- So Uriah Heep leaves the narrative pretty much as he came, putting on a giant drag show for David’s benefit and bitchily wishing David was in prison with him. He’s getting deported to Australia. But wait… that means Uriah, the Micawbers (who he swore vengeance against), the extended Peggotty Clan (including Martha and Mrs Gummidge), Steerforth’s former servant Littimer and even David’s well-liked old school master Mr Mell are all in the same place (and given settlement patterns, very likely in the same area of the country, re settlement patterns), and at liberty (that’s often the policy for model prisoners–Uriah is working towards a purpose, here) at the end of the book? What a bizarrely fun sequel set up Dickens never takes advantage of?? (Trollope would.)
- Littimer is very much the ‘and Peggy!!’ of this chapter. He tried to abscond to America with a gentleman employer’s money. He almost did it, except Mowcher spotted him, ‘ran betwixt his legs to upset him and hung onto him like grim death’. Everyone’s like, damn. Fair: Mowcher is a motherfucking boss.
- Gotta write a fic called Unsound Hobby now:
- This scene is doing real emotional work I’m kind of feeling, but overall auuuuugh, it’s the absolute fucking worst???? I SEE MY DEAD INFANTILISED WIFE IN YOUR FAAAAACE.
- Calm. Still. Tranquil. Winter. Frost. Hard-frozen snow on dead fields. Silent. Quiet. GOD. Eternal. Are you getting married or being buried?
- Agnes is always accompanied by images of stars, shining celestial bodies, reflection and removal. There’s nothing human&close until the oblique intimacy of their hearts beating together, and then she’s subsumed in an embodiment that refuses her specific personhood.
- I really appreciate what Dickens is trying to do here, but the whole conceit is so grim, sad and not-quite-workable. For Agnes to be ‘the source of every worthy aspiration I had ever had; the centre of myself, the circle of my life’, she would have to be more her own person, with her own quest that he changed her on as well. UR DEAD WIFE SAID I SHOULD SCHTUPP U. Yeah okay sure.
- It’s like being stuck in a conversation where a friend you love defends their terrible relationship at length, with all their passion and rationalisation brought to bear on a bad conceit. What this justifying semi-autobiography obliquely implies about Dickens’ marriage is pure extract of yikes.
- David and Agnes are married now, and she’s not destined for an early death. I guess you could say that, in the end of this 900 page harem anime dating SIM, Agnes Wickfield has won, the Game of Bones.
– no less than 6 bastard children in Europe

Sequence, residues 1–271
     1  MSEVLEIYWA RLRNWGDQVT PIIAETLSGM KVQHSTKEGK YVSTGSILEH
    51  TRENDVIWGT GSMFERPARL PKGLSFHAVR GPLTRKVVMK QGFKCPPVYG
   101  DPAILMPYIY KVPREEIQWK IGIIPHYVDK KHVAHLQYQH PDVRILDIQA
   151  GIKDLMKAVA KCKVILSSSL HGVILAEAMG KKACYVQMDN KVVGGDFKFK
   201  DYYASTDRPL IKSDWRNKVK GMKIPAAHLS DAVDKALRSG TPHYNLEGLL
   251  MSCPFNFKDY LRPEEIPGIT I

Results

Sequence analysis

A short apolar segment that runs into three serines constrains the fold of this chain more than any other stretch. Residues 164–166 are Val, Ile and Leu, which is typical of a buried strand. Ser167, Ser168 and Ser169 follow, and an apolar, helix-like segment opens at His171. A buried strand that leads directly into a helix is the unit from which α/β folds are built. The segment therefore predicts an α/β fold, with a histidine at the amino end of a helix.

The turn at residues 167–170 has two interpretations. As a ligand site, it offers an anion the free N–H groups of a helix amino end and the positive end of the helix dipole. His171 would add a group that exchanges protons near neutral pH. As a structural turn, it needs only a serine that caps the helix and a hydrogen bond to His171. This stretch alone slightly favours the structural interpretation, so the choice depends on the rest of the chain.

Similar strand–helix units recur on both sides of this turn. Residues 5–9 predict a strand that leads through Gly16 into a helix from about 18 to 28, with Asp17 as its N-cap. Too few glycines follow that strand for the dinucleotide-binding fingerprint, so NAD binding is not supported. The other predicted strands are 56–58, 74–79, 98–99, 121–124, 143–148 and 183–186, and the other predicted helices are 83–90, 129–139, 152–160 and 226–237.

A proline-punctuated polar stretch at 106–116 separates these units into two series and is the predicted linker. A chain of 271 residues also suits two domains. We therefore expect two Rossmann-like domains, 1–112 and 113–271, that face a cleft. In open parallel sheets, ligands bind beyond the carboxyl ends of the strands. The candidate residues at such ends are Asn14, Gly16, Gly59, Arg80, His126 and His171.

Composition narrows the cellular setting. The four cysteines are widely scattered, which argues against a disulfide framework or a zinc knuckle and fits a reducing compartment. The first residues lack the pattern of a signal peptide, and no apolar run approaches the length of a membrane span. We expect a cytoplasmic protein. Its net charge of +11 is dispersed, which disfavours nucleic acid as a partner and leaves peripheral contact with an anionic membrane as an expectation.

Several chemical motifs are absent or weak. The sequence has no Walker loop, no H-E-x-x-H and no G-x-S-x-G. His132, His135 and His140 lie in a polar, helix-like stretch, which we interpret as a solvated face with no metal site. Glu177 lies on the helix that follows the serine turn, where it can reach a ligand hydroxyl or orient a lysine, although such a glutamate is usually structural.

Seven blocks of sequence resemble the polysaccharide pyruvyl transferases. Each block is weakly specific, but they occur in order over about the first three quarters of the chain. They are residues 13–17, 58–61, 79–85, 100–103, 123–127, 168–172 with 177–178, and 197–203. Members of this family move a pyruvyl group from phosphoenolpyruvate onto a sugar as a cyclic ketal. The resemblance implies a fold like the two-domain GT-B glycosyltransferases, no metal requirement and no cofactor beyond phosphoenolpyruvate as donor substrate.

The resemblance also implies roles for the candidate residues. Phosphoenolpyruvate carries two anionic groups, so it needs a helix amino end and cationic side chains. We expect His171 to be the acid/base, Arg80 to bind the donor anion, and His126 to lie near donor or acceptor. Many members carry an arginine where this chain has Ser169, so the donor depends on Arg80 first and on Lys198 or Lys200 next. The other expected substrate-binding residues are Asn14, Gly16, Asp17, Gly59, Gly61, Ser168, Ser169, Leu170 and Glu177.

– grease-proofed against any form of commitment
– bisexual disaster that happens TO you, like a tsunami
– speaking of
– rock u like a hurricane (sorry)
– the spiciest take
– voted most dangerous gay in Kent for 7 consecutive years running
– inarguably the contestant most obsessed with David
– ugly-hot, or ugly-thot?
– knew he was never gonna win; tried to take the bildungsroman genre down with him
– not to be discounted
– has only ever bottomed for Steerforth
– David has absolutely murmured ‘step on me mommy’ in his sleep while dreaming about her and Agnes has been like ‘why would he want his dear departed mother to–‘
– Everyone else wishes they’d been played by Jacqueline Pearce.
– only Robert Graves ships this
– that’s right, the ‘I, Claudius’ guy
– for some reason
– the only way to win is not to play
– Tommy MVP Traddles did not come to play.
I’m not including Murdstone’s weird Lolita fixation on David (why does he always want David in the drawing room, under his eye?), which is creepily rounded off by his subsequently marrying a girl David’s age, because I respect myself. He was once played very well by Gareth Thomas, and still, I respect myself.
Truly tragic that so many love-warriors had to die and/or be deported to Australia in the quest for David’s fair writin’-hand.
- This chapter jumps ten years on (which would make David about 36). David and Agnes have 3+ kids. Mr Peggotty comes back to see England one last time, and to visit Ham’s grave and bring Emily back a bit of the earth her brother-figure rests in. Since they last saw one another, Martha’s gotten married to a man who knows about and accepts her past. Emily has either found peace and dignity or is traumatised by Ham’s death and Steerforth’s bullshit forever. It is tough to tell.
- ‘Because Agnes had never enjoyed anything hitherto in the whole of the book—’
- Mr Mell, the teacher Steerforth got fired, is now running an Australian school called Colonial Salem House. WHO RUNS SALEM HOUSE NOW, BITCH?? Bless this petty mess, I’m glad he’s thriving.
- Micawber is now a Magistrate in Podunk, Australia. Yet he is still… very Micawber.
- We’re doing a final big ‘where are they now?’ montage. Rosa and Mrs Steerforth are mired in a horrible, frozen-in-time gothic Grey Gardens vision of hell. So that’s nice.
- The close is very sweet and well-done. And that’s it! You survived!! That’s THE END!!
- If you’re looking for fic to read, this fandom unfortunately is sadly underdeveloped, as is most of the Dickens canon. This is a crying shame and a sheer accident of timing and fate.
- There’s a SelenaK fic, Selkie Bride, which is Emily-focused. I haven’t read it (it’s very Yuletide in its framing, and I’m not into that). I’m sure it’s competent. She always is.
- There are five well-executed and fun David/Steerforth fics. Though the pairing doesn’t Send me, I think they’re all fairly emotionally true to the text. No one’s written the big reconciliation work that negotiates Steerforth’s failings, digs in and commits to this pairing?